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Abstract

Early Buddhism was a predominantly spiritual movement which should ideally culminate in Enlightenment. Yet, it was embedded in the specific social environment of ancient India which included a hereditary caste system. Using the Buddhist Pāli texts and non-Buddhist literature from up until the last centuries BCE the article examines the four main hereditary categories (vaṇṇa, jāti, gotta, and kula) and how Early Buddhism related to them. We conclude that the Buddha and Early Buddhism did not oppose but rather confirmed the hereditary systems in society as well as its designations within the monastic community. The Buddha hereby followed the customs of earlier ascetic movements and imposed no specific rules on the monastics to eradicate their former social identity.
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Abstract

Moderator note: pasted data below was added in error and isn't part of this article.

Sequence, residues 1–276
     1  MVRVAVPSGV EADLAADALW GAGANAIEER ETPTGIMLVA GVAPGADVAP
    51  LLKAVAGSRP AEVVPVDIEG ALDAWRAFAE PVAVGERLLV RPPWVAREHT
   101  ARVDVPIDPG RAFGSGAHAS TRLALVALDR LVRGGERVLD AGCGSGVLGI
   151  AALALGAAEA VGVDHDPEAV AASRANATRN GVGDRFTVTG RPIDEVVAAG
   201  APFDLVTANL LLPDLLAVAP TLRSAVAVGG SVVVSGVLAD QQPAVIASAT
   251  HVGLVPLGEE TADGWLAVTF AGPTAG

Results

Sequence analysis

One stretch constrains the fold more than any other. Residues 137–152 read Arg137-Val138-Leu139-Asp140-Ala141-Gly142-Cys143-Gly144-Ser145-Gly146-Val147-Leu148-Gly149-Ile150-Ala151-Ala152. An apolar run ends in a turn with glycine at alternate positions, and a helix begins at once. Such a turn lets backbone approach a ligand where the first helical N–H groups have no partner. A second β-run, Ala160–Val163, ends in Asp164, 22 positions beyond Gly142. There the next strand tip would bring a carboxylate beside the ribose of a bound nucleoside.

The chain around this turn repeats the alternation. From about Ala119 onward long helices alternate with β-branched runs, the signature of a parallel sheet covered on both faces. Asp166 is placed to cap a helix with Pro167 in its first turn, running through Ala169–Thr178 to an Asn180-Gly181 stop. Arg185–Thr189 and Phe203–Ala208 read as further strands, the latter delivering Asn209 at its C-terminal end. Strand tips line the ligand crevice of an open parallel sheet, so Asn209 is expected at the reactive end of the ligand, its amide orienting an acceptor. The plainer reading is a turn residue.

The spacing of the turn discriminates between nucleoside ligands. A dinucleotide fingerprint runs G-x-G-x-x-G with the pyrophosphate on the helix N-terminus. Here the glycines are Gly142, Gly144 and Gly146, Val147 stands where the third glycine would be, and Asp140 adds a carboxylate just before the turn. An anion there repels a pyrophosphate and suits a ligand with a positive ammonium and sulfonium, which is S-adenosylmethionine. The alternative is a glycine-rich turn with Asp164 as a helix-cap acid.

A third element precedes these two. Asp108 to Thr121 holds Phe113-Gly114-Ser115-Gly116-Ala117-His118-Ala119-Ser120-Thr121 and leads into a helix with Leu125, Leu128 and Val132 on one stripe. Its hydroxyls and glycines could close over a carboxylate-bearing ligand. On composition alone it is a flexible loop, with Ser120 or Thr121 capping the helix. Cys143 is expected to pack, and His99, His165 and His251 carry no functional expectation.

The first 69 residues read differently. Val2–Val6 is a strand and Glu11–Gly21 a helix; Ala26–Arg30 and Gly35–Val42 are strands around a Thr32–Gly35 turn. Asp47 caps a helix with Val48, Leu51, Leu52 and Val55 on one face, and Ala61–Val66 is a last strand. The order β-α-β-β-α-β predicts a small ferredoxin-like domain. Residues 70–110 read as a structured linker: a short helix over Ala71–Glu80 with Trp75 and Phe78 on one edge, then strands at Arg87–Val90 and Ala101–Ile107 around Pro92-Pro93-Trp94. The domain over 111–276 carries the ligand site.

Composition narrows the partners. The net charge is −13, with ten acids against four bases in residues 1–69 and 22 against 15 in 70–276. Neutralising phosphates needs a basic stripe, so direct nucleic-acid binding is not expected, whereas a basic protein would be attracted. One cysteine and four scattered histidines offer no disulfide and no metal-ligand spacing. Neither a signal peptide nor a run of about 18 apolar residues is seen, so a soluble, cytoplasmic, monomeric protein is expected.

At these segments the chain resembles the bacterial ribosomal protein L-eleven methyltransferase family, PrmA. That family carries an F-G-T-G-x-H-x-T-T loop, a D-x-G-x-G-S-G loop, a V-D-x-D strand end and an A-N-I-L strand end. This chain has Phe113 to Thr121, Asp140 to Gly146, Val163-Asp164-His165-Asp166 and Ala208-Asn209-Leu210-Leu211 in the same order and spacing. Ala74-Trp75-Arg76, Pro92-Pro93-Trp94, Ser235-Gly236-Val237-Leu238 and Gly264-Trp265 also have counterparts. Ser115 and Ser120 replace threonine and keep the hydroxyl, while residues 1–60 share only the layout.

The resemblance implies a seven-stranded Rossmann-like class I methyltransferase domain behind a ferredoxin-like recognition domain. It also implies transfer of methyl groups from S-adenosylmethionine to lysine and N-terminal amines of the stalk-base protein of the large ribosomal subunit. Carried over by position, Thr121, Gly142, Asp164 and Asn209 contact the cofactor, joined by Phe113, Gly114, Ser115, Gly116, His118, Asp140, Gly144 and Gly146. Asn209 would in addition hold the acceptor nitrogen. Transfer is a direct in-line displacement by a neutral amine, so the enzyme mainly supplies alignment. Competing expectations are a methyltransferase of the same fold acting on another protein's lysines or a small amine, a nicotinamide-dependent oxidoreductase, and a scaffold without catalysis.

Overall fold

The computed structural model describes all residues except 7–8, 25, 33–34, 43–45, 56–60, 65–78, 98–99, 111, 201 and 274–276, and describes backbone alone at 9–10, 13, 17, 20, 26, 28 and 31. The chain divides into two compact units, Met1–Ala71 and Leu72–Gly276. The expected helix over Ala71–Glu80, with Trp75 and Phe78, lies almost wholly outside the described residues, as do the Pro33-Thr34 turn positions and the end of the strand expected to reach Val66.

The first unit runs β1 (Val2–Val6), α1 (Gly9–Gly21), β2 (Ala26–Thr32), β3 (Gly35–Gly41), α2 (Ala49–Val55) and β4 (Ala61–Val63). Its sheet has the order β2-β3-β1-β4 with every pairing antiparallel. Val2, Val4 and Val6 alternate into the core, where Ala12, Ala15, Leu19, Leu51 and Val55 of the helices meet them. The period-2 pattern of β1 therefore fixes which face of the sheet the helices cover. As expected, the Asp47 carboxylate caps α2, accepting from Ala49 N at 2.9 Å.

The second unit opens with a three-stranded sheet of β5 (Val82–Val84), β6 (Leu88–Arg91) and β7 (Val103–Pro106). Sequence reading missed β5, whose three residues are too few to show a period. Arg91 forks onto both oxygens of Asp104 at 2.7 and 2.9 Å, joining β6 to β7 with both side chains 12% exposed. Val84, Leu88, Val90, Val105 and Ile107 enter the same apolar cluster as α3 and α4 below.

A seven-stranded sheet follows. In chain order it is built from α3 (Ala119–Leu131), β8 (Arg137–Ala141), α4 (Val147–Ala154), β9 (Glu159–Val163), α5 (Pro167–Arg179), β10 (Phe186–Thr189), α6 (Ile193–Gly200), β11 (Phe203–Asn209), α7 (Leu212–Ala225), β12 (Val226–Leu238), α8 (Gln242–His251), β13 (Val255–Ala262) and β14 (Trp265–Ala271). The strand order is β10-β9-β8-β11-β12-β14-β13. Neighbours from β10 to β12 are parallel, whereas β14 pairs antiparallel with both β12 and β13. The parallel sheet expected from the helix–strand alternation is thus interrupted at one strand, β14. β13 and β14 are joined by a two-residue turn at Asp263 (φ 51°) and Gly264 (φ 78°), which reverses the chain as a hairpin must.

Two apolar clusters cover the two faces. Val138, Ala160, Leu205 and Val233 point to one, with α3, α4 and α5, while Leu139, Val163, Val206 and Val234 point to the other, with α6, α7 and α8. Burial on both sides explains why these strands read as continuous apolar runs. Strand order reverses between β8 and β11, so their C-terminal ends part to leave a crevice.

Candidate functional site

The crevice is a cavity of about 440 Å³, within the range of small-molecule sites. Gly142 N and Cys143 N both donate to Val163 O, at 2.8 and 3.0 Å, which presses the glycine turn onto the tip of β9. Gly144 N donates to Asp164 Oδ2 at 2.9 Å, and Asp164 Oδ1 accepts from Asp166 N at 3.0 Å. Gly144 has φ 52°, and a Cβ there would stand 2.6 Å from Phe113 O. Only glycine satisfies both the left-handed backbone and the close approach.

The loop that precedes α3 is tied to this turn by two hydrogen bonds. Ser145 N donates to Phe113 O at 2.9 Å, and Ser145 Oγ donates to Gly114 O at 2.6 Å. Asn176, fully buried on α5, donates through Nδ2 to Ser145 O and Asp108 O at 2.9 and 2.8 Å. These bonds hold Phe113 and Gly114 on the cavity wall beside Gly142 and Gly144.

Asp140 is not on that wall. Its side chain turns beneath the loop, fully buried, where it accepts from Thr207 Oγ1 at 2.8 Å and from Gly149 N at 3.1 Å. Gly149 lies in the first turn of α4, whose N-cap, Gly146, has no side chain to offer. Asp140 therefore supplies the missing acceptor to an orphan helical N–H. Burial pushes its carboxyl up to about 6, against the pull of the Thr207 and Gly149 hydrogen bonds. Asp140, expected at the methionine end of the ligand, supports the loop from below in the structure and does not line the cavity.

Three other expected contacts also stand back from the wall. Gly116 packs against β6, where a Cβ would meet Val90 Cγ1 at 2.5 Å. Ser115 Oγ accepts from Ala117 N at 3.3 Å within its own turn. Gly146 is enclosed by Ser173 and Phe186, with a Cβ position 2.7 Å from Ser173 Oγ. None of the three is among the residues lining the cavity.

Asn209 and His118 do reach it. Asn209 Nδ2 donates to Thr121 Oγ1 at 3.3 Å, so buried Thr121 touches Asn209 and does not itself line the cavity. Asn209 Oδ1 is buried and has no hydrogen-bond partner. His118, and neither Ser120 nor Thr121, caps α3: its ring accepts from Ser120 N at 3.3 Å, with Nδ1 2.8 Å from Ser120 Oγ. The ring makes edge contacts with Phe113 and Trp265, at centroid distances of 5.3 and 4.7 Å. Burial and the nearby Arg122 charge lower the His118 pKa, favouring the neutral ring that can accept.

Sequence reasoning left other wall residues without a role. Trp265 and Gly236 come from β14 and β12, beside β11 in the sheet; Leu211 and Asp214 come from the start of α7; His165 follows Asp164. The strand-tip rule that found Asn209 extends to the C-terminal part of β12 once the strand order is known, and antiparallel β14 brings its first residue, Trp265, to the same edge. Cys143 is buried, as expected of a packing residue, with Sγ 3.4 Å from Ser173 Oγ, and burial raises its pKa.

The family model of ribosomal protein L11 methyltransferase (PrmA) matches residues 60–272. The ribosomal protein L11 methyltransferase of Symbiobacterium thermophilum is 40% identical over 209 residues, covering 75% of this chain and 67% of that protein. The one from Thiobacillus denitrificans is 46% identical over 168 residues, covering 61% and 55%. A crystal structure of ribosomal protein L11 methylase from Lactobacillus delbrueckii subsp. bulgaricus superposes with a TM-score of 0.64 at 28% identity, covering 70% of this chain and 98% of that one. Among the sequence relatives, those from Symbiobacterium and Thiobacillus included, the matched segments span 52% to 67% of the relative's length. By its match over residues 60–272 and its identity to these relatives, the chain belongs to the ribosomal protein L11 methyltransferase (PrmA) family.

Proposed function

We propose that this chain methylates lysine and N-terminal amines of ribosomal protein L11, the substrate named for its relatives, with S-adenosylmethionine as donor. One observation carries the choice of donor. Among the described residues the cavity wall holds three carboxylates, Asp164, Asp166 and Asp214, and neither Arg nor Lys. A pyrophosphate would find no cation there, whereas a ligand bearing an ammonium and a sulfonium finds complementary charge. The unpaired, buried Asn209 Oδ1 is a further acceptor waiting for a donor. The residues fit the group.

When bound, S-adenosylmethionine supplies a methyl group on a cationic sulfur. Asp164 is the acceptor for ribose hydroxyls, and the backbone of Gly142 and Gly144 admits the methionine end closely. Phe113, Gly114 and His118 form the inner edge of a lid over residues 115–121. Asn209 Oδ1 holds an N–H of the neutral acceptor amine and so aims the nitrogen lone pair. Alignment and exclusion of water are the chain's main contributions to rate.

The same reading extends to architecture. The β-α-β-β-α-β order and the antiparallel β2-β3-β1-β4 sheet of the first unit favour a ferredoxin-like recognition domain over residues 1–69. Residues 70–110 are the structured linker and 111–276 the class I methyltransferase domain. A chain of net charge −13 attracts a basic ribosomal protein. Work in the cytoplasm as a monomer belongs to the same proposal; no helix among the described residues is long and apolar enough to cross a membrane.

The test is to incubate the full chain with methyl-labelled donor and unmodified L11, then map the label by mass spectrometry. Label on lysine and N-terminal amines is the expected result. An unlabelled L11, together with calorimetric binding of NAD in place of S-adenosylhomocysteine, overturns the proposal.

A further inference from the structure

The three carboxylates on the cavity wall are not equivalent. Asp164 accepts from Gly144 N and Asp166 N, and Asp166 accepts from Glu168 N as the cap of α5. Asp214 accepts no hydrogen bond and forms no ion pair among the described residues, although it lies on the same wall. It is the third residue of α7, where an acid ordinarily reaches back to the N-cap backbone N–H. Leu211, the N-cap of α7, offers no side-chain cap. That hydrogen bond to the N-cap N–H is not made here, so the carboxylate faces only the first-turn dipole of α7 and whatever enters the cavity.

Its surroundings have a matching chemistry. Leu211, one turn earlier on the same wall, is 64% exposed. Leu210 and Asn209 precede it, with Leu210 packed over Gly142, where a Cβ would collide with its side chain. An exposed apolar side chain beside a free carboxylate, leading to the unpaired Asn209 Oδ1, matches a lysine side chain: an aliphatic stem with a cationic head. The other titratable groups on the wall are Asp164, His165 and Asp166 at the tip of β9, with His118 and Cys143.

The science of lexicography with its focus on etymology reaches back to ancient times; the history of Tibetan dictionaries is almost as old as the written language itself. About 1,200 years ago, the wish to translate the Buddhist scriptures in Sanskrit initiated the compilation of the first bilingual dictionary. lt provides Tibetan synonyms for Sanskrit terms and is written in Tibetan script. lt was compiled and used by monks who worked as scholars and translators. Throughout the following centuries, Tibetan dictionaries have been compiled, and, as will be shown, this happened for various reasons. As the Tibetan language is not yet fully explored, new dictionaries for Tibetan are still being worked on. One of these is under preparation in Munich; it will be the focus of the main part of this article. As the paper addresses a wider audience and not specifically scholars of Tibetan studies, l will situate Tibetan lexicography within a broader context, commencing with a brief introduction into the Tibetan script and language followed by a survey on the development of Tibetan lexicography and dictionaries. Then, the paper introduces the Wörterbuch der tibetischen Schriftsprache, an ongoing long-term project at the Bavarian Academy for Sciences and Humanities in Munich.
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